Imperial Tobacco: Sometimes a Cigar Is Just a Reason for Regime Change
Imperial Tobacco’s $15 billion takeover of Altadis already has looked pretty smart. Will it be even smarter now that Fidel Castro has resigned as the leader of Cuba?
If you had asked Altadis a year ago, the answer probably would have been yes. Altadis has the world’s biggest share of cigar sales and owns a 50% stake in Cuba’s state-owned Habanos SA, which makes Cohiba cigars. But Altadis can’t sell those prized cigars in the U.S. because of the country’s trade limits on Cuba. If Castro’s successor-–most likely his brother–-is more favorable to U.S. officials, Altadis could be sitting on a gold mine. It already has 25% share of the cigar market, or about twice as much as its closest competitor.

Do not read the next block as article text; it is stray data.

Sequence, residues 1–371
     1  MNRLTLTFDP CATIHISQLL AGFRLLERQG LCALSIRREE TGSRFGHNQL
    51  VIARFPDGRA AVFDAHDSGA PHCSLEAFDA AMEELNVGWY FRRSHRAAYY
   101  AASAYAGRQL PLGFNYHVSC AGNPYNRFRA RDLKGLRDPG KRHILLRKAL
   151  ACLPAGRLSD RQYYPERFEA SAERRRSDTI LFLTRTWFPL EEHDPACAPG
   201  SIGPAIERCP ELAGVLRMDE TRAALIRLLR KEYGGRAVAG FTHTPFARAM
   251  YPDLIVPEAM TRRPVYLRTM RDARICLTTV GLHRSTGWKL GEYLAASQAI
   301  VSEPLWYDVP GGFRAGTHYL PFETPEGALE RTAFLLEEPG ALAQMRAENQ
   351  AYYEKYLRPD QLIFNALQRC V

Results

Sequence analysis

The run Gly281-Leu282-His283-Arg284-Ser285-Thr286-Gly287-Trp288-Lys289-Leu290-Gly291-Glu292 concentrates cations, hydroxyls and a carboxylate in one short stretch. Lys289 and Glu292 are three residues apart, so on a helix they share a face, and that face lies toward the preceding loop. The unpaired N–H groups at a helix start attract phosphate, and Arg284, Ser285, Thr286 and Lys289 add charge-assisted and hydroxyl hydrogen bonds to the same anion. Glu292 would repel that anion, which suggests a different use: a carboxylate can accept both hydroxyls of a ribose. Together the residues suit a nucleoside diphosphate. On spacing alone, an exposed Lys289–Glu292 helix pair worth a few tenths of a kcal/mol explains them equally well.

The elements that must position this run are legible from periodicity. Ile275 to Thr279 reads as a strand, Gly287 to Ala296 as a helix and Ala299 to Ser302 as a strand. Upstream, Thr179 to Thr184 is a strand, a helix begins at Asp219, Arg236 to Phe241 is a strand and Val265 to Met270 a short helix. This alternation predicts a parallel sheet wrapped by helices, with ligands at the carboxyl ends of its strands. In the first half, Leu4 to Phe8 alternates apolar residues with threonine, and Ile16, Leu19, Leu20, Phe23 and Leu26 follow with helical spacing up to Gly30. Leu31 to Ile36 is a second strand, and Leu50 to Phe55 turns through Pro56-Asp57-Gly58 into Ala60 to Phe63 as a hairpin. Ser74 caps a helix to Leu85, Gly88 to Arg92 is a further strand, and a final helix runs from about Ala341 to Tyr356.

Imperial already had reason to crow about its Altadis purchase. It owns about 98% of Altadis, and Morgan Stanley now expects the company to get about 350 million euros in synergies from the deal, or 50 million euros more than expected. Imperial also is planning a five-billion-pound rights issue to finance the deal; will investors be lured to that sale by the prospect of the company’s growth in Cuba?
Of course, caveats abound. Castro’s successor may be no more friendly to U.S. interests than Castro. The U.S. embargo may remain. And we are assuming the U.S. government has given up on its tobacco-based methods of assassination for Fidel, which included an exploding cigar and one laced with poisonous chemicals.
Businesses hold few hopes of more trade soon [WSJ]
How the CIA has tried to assassinate Fidel Castro [The Guardian]
Source: Wall Street Journal